Her boy was sat at the kitchen table, school bag slumped on the floor. He was tapping furiously on his phone, names and faces scrolling down the screen as he cycled through his remote social network. He’d done what she’d asked as soon as he’d got home, setting two plates – one slightly chipped, knifes, forks and two polished glasses on the pine table. A stew was simmering on the stove; his meal was waiting patiently for him, as ever, for when he stepped off the school bus into his mother’s arms.
She stood looking at him for a brief moment. Still tapping away at that phone she’d got him last Christmas, so he could keep in contact with his friends. She felt guilty: they lived on the last stop on the school bus route, out of walking distance, and she’d never let him walk back at night. She usually drove him around, which was safer than travelling by bus.
He growled and swore. It’s frozen. She didn’t ask; there was no point. She’d never been the one who dealt with the technology, she’d normally’ve just left it to him. It was a wonder half the gadgets in the house still worked. It was probably the best opportunity to get him off the thing.
Do you wanna have a kick-about outside?
He tapped for a few more seconds then paused, and shrugged.
He hurried a few more messages, then dimmed the screen and slipped the phone into his right pocket, reaching for the old kit-bag. She turned the stove down, and stepped out through the glass door. The lack of sound would’ve surprised her if she weren’t so used to it. An intimidating quiet. The two apple trees were as though dead and the little, chirping bird that lived within didn’t seem to be there. There was a slight hiss of grain from the endless fields that reached right up to the fence on each side.
The clatter of football boots on the step broke the silence, and her son’s muddy shirt brushed past her. Boots two sizes too big upon his little feet, with missing studs and worn, dull leather, sunk past the unmown grass and into the earth. A red-brown football shirt, slightly torn on the bottom, stained, also muddy, with the loose seams causing the white “3” to peel off the back under a surname she didn’t even know, but remembered fondly. The frayed sleeves slid back, exposing his slender fingers as he bent down to place the ball. Cracked white, once grey, and slightly flat, it rolled slightly to one side on the uneven turf.
Are you ready?
He barely nudged it, uncertain of how hard to kick it to his mother… they never played football. It stopped short… she managed a glancing smile, making a conscious effort to rush excitedly towards it, swinging at the ball; the tough leather stung her skin exposed through her shoe, woefully inadequate for the outdoors, but she beared it for him. It rolled faster than her son’s, but at sharp angle to him, rolling into the bush. Her smile dropped and eyes turned to face him, worried. She expected to see a grimace, to see his smile drop as well… but he was smiling. Laughing. He dived behind the bush.
She paused for a second, lips still tweaked upwards, ears awash with the sound of trees in the fresh wind and the shakes of dense fir-fronds as her son scrabbled for the ball. She watched the white cloud gliding in the cool spring air, and smelled the honeysuckle that shone green as it clambered up the side of her kitchen window. Distant farm machinery hummed from afar.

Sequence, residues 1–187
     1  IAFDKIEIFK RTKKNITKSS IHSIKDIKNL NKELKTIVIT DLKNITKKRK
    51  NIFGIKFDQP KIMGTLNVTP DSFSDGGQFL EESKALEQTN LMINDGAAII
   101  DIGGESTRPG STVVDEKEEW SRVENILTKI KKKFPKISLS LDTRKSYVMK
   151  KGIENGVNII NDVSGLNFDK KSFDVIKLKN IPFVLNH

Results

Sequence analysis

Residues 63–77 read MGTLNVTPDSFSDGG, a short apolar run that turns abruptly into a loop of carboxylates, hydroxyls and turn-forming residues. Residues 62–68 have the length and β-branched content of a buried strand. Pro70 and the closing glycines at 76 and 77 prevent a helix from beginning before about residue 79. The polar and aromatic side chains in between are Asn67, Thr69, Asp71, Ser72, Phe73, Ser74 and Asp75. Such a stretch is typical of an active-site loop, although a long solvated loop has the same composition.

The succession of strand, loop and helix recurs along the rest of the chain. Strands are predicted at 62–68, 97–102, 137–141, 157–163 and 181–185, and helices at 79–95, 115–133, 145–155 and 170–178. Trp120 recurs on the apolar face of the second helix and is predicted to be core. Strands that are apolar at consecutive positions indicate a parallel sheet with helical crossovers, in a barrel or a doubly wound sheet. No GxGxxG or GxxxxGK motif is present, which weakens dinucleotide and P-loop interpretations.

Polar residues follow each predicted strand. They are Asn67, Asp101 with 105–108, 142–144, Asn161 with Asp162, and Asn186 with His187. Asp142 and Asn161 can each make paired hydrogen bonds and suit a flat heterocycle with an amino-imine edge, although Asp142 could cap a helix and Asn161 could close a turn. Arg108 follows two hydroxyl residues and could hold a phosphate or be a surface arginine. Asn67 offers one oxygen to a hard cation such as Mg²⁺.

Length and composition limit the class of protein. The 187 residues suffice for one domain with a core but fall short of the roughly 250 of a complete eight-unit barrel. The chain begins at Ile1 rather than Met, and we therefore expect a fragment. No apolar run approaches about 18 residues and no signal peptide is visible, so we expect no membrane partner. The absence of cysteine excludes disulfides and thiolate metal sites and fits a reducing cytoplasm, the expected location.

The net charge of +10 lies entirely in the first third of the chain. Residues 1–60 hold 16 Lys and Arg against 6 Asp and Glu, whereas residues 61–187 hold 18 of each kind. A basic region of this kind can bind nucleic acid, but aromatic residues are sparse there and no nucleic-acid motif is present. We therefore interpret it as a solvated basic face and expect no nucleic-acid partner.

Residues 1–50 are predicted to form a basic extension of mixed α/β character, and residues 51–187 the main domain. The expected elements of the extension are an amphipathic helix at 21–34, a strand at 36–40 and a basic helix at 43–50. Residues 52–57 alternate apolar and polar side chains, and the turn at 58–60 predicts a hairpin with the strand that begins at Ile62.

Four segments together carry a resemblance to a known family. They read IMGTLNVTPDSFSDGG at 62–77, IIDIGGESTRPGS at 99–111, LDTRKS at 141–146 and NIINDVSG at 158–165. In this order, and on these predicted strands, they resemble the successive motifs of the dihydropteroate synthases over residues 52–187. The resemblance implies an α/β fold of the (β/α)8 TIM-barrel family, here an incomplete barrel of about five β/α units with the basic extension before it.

He’d emerged from the bush, shirt dotted with torn leaves and splinters of bark. His hair was ruffled, and hands brown. She started half a step forward, seeing him, but held herself back, reassured by the smile on his lips as he replaced the sweat on his brow with dirt from his sleeve.
He kicked it once more to her; she knocked it a stride with her shin and, undeterred, kicked it back, fairly on target. He seemed surprised, and they passed the ball excitedly between each other, her shots improving in confidence with each attempt, his increasing in enthusiasm. Finally, inevitably, one of her shots flew wide, and struck the dark, rotted panels of the shed in the far corner, hidden forgotten in the overgrowth behind the trees. An ominous rumble of balanced boxes and tools collapsing punched through the garden, exposing the two as they followed the arc of the ball. The sound continued for longer than she’d wish to note as all other ambient noise seemed to cease around them, the sides of the shed trembling with each beat as it trickled quieter with the last few items, then stopped. The broken, wisp-strands of cobweb hung still over the dust-opaque panels of clear plastic.
Are you ready?
She hadn’t been in there in years. God knows what state the inside was like, with old belongings filed in boxes, gardening equipment, nuts, bolts and trinkets scattered in drawers and shelves and cupboards. She didn’t really want to know, but she’d have to tackle that corner someday. She’d left it too long. She knew she’d have to forget the majority of it, to be rid of it, but the issue of sorting the good from the bad stood in the way. She stared at the door, with its thick, rusted padlock.
Her boy made to fetch the ball, innocently, but she grabbed his arm. Not now. She looked down into his eyes. Not right now; he could get it another time. The stew was ready anyway, and the sky had started to cloud over. Night chased day rapidly across the gaping flats; she could almost watch it approaching. She led him back inside, ringed hand pressing into the small of his back, muscles tensing as a cold wind gathered behind them. She passed over the threshold and shut the door, drawing the curtains together sharply, and exhaled slowly.
The stew is ready.